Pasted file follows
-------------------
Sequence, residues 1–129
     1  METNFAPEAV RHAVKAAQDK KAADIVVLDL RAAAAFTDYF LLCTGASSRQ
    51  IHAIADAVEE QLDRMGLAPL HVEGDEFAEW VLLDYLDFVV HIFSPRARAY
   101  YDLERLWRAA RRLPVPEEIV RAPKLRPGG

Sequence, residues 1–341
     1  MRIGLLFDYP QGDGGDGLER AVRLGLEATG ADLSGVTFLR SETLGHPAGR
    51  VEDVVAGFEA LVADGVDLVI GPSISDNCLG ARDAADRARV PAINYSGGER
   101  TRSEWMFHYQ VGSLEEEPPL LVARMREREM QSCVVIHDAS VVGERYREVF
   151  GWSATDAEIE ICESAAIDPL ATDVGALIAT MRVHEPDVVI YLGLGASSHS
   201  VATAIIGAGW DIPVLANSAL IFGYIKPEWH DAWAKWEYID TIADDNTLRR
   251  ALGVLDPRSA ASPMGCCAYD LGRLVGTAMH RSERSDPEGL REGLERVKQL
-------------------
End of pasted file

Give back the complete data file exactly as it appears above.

Sequence, residues 1–129
     1  METNFAPEAV RHAVKAAQDK KAADIVVLDL RAAAAFTDYF LLCTGASSRQ
    51  IHAIADAVEE QLDRMGLAPL HVEGDEFAEW VLLDYLDFVV HIFSPRARAY
   101  YDLERLWRAA RRLPVPEEIV RAPKLRPGG

Sequence, residues 1–341
     1  MRIGLLFDYP QGDGGDGLER AVRLGLEATG ADLSGVTFLR SETLGHPAGR
    51  VEDVVAGFEA LVADGVDLVI GPSISDNCLG ARDAADRARV PAINYSGGER
   101  TRSEWMFHYQ VGSLEEEPPL LVARMREREM QSCVVIHDAS VVGERYREVF
   151  GWSATDAEIE ICESAAIDPL ATDVGALIAT MRVHEPDVVI YLGLGASSHS
   201  VATAIIGAGW DIPVLANSAL IFGYIKPEWH DAWAKWEYID TIADDNTLRR
   251  ALGVLDPRSA ASPMGCCAYD LGRLVGTAMH RSERSDPEGL REGLERVKQL